Judge allows body camera footage in malicious wounding case
FRONT ROYAL — Circuit Judge Ronald L. Napier agreed Tuesday to allow the prosecution to show body camera footage during the scheduled trial of a local man accused of maliciously harming a woman in February.
Paul Michael Sullivan, 36, has been charged with malicious wounding after he allegedly punched a woman repeatedly in the face and on her body at a motel.
Assistant Commonwealth’s Attorney Anna Hammond argued for entering into evidence three segments of body camera footage from the officers on the scene, as well as a 911 call a bystander made at the time of the incident. Sullivan’s attorney, David Crump, argued that the tapes would be hearsay and should not be admitted.
According to state law, evidence that is deemed to be hearsay, or information that is not first-hand, cannot be admitted into evidence unless it meets certain criteria, like a spontaneous statement made when describing an event or during the actual event, or statements made for medical treatment.
Hammond played the body camera footage and the 911 call for the court. In all the clips, the alleged victim can be heard crying as officers and emergency responders ask her questions about the incident. The woman is heard saying that Sullivan had just been released from jail and that he accused her of infidelities, which is why she said he attacked her.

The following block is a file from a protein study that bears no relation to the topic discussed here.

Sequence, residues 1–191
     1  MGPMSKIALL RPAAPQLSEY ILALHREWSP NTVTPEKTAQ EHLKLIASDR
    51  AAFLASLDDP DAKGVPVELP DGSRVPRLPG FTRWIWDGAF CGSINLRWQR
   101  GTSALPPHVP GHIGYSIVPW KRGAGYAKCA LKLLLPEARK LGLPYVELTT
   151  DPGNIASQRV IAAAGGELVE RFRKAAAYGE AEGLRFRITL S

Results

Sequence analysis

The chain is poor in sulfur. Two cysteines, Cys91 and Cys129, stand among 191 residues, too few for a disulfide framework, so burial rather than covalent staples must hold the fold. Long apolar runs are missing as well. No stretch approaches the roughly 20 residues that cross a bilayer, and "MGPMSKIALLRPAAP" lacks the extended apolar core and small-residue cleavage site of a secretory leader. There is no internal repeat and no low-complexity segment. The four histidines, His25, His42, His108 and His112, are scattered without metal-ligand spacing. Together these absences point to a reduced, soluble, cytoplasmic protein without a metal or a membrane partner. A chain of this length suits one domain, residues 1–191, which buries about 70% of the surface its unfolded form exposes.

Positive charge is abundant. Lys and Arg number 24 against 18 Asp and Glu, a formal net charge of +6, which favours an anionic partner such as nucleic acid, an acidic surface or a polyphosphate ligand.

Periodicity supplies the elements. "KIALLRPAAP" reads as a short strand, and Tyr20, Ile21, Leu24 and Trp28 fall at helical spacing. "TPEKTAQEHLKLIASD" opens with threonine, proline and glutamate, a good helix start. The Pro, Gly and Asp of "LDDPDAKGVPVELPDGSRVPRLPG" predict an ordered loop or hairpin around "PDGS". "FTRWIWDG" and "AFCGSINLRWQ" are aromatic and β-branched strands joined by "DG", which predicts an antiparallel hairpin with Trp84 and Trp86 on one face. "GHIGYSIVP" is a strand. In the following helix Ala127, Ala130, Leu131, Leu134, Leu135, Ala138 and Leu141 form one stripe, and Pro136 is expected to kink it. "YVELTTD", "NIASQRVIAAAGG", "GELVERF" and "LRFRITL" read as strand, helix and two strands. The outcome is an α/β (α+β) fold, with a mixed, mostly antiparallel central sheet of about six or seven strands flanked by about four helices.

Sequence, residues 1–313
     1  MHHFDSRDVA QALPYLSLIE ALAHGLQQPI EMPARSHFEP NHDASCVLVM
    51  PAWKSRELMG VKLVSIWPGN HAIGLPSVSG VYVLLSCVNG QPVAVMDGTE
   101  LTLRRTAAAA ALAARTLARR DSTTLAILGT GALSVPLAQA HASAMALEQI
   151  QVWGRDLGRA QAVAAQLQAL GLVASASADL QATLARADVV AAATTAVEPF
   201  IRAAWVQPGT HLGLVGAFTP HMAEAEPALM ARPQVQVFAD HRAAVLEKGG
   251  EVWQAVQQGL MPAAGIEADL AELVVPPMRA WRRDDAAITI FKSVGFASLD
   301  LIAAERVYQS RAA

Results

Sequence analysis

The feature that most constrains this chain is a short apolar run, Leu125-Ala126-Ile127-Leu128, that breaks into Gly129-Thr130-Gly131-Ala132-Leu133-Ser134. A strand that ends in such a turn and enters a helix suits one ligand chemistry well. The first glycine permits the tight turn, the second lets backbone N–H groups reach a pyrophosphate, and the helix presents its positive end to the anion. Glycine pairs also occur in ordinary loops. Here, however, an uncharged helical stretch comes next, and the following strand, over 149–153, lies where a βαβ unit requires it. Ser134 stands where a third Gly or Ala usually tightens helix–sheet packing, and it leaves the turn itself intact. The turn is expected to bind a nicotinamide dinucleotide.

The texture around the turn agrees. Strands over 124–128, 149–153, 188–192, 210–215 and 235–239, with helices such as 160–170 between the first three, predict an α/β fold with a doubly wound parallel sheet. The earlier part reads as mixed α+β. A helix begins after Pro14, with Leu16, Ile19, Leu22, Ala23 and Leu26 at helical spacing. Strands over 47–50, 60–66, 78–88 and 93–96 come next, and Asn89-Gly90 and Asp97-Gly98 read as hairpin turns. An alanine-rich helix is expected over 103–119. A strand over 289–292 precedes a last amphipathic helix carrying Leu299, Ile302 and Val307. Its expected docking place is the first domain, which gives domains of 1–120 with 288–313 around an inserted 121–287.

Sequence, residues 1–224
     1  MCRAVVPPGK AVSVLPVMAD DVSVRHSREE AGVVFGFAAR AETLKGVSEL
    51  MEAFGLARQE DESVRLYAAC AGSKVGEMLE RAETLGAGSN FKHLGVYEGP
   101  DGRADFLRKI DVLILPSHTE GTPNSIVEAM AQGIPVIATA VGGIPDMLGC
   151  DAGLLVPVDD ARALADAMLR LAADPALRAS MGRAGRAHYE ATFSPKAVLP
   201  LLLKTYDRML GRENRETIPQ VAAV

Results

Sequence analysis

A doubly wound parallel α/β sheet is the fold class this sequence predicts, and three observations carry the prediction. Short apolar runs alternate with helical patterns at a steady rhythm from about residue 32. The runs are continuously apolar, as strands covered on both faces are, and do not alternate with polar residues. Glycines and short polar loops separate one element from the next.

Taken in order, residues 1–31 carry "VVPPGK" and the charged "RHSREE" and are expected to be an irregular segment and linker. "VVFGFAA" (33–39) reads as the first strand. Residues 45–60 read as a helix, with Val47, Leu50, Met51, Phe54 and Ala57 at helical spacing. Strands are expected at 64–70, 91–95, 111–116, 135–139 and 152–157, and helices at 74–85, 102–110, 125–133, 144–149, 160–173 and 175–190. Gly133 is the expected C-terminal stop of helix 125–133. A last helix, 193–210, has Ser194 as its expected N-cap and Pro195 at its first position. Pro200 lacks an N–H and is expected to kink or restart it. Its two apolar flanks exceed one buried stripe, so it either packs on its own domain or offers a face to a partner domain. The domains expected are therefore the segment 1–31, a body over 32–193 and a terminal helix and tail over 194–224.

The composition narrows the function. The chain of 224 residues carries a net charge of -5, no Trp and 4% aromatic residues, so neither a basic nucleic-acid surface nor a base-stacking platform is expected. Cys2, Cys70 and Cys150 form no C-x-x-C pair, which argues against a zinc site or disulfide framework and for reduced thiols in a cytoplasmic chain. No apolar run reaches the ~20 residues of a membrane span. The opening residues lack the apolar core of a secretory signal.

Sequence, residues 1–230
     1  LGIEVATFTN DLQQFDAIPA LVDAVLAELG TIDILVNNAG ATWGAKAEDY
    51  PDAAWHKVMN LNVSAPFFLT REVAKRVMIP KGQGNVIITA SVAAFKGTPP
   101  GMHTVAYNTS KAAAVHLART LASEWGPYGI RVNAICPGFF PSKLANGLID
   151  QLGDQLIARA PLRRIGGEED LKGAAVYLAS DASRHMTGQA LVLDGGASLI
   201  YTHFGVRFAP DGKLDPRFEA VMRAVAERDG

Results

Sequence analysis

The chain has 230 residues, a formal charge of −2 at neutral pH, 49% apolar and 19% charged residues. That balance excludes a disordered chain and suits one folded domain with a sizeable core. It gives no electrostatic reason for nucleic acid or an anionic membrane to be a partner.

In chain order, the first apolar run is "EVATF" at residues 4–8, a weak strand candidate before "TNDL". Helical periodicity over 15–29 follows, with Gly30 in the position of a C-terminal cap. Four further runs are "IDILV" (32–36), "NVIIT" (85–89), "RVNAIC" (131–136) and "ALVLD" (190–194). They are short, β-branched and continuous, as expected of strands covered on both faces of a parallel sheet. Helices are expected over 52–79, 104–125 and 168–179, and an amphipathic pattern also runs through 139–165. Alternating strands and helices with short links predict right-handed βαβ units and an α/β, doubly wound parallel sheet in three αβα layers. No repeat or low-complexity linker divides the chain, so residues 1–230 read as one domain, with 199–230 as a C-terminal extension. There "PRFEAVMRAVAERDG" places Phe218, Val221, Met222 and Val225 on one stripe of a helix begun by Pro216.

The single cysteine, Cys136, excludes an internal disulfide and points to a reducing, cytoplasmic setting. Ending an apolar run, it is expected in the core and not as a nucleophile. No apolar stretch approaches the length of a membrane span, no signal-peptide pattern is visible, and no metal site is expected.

Sullivan was convicted on drug possession, breaking and entering and grand larceny charges in 2013 after he broke into a woman’s house and stole her purse containing money and two pill bottles. He was sentenced to a total of six years imprisonment with all but six months suspended, but the some of the suspended sentence has been revoked twice since then for probation violations.
In the body camera footage, the woman is heard saying that Sullivan punched her several times, and the emergency responders questioning her noted injuries to her eye, shoulder and leg and urged her to allow them to take her to the hospital for treatment. In the 911 call, a man is heard saying that it sounds like a man and woman are fighting, but that he did not actually see any encounter.
Crump argued that the 911 call is simply “gross speculation” and the caller does not have firsthand knowledge of what happened. Hammond stipulated that she was not able to find the caller so that he could be cross examined by the defense, as it is their legal right to do, and added that the call is not testimonial, which would fall within the exception to the hearsay rule.
The defense also argued that the alleged victim, who was crying as she was questioned, had to be asked multiple times about what happened before she responded and that her having to be prompted meant that her statements were not spontaneous. Crump also argued that the statements made to EMTs were not for medical treatment because transportation to a hospital is not treatment.
Hammond argued that EMTs offer medical treatment. Napier allowed all of the prosecution’s evidence to be admitted, noting the defense’s exceptions.
Sullivan remains in custody as he awaits trial, which is set for Tuesday in Warren County Circuit Court.